National Highway Traffic Safety Administration (NHTSA), DOT.
Notice of proposed rulemaking.
This document proposes fees for Fiscal Year 2015 and until further notice relating to the registration of importers and the importation of motor vehicles not certified as conforming to the Federal motor vehicle safety standards (FMVSS). These fees are needed to maintain the registered importer (RI) program.
You should submit your comments early enough to ensure that Docket Management receives them not later than September 2, 2014.
Comments should refer to the docket and notice numbers above and be submitted by any of the following methods:
Federal eRulemaking Portal: Go to http://www.regulations.gov. Follow the online instructions for submitting comments.
Mail: Docket Management Facility: U.S. Department of Transportation, 1200 New Jersey Avenue SE., West Building Ground Floor, Room W12-140, Washington, DC 20590-0001.
Hand Delivery or Courier: West Building Ground Floor, Room W12-140, 1200 New Jersey Avenue SE., between 9 a.m. and 5 p.m. ET, Monday through Friday, except Federal holidays.
Instructions: For detailed instructions on submitting comments and additional information on the rulemaking process, see the Public Participation heading of the Supplementary Information section of this document. Note that all comments received will be posted without change to http://www.regulations.gov, including any personal information provided. Please see the Privacy Act heading below.
Privacy Act: Anyone is able to search the electronic form of all comments received into any of our dockets by the name of the individual submitting the comment (or signing the comment, if submitted on behalf of an association, business, labor union, etc.). You may review DOT's complete Privacy Act Statement in the Federal Register published on April 11, 2000 (65 FR 19477-78) or you may visit http://DocketInfo.dot.gov.
Docket: For access to the docket to read background documents or comments received, go to http://www.regulations.gov or to the street address listed above. Follow the online instructions for accessing the dockets.
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FOR FURTHER INFORMATION CONTACT:
Clint Lindsay, Office of Vehicle Safety Compliance, NHTSA (202-366-5291). For legal issues, you may call Nicholas Englund, Office of Chief Counsel, NHTSA (202-366-5263). You may call Docket Management at 202-366-9324. You may visit the Docket in person from 9 a.m. to 5 p.m., Monday through Friday.
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Start Printed Page 44364
NHTSA published a document on June 24, 1996 (61 FR 32411) fully discussing the rulemaking history of 49 CFR part 594 and the fees authorized by the Imported Vehicle Safety Compliance Act of 1988, Public Law 100-562, since recodified at 49 U.S.C. 30141-47. The reader is referred to that document for background information relating to this rulemaking action. Certain fees were initially established to become effective January 31, 1990, and have been periodically adjusted since then.
We are required to review and make appropriate adjustments at least every two years in the fees established for the administration of the RI program. See 49 U.S.C. 30141(e). The fees applicable in any fiscal year (FY) are to be established before the beginning of such year. Ibid. We are proposing fees that would become effective on October 1, 2014, the beginning of fiscal year (FY) 2015. The statute authorizes fees to cover the costs of the importer registration program, to cover the cost of making import eligibility decisions, and to cover the cost of processing the bonds furnished to the Department of Homeland Security (Customs). We last amended the fee schedule in 2012. See final rule published on August 22, 2012 at 77 FR 50637. Those fees apply to Fiscal Years 2013 and 2014.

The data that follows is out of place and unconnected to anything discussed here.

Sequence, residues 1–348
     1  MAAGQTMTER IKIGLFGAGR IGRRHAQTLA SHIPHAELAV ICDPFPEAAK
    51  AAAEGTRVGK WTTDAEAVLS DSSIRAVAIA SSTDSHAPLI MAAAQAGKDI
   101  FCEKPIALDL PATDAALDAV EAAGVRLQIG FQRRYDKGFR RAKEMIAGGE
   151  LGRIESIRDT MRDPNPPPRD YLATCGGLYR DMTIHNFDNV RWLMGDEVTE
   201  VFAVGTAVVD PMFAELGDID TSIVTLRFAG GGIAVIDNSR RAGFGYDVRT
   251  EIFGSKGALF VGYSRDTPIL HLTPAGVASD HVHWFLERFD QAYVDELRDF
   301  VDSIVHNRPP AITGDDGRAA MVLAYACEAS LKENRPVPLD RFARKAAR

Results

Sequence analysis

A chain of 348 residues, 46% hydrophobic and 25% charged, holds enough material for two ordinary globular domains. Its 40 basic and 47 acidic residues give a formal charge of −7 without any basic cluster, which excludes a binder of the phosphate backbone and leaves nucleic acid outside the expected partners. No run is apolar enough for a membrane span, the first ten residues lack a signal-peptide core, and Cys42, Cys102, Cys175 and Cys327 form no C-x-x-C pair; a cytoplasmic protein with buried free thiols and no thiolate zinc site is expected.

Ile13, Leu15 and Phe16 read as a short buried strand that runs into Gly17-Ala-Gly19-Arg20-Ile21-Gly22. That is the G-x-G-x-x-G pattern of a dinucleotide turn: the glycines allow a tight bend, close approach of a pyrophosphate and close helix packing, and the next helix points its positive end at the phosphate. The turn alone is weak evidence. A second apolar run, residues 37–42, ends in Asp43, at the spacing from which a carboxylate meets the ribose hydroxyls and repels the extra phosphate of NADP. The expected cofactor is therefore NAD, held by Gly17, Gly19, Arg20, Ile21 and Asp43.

Proposed fees are based on time and costs associated with the tasks for which the fees are assessed. The fees proposed in this document reflect the one percent increase in General Schedule salary rates that were effective January 1, 2014 and the slight increases in indirect costs attributed to the agency's overhead costs since the fees were last adjusted.
Requirements of the Fee Regulation
Section 594.6—Annual Fee for Administration of the Importer Registration Program
Section 30141(a)(3) of Title 49, U.S. Code provides that RIs must pay the annual fees established “to pay for the costs of carrying out the registration program for importers. . . .” This fee is payable both by new applicants and by existing RIs. To maintain its registration, each RI, at the time it submits its annual fee, must also file a statement affirming that the information it furnished in its registration application (or in later submissions amending that information) remains correct. 49 CFR 592.5(f).
To comply with the statutory directive, we reviewed the existing fees and their bases in an attempt to establish fees that would be sufficient to recover the costs of carrying out the registration program for importers for at least the next two fiscal years. The initial component of the Registration Program Fee is the fee attributable to processing and acting upon registration applications. We have tentatively determined that this fee should be increased from $330 to $333 for new applications. We also have tentatively determined that the fee for the review of the annual statement should be increased from $201 to $215. The proposed adjustments reflect our time expenditures in reviewing both new applications and annual statements with accompanying documentation, and the small increases in indirect costs attributed to the agency's overhead costs in the two years since the fees were last adjusted, the increase in direct costs relating to the one percent raise in salaries of employees on the General Schedule that became effective on January 1, 2014, and the increase in contractor costs to the agency.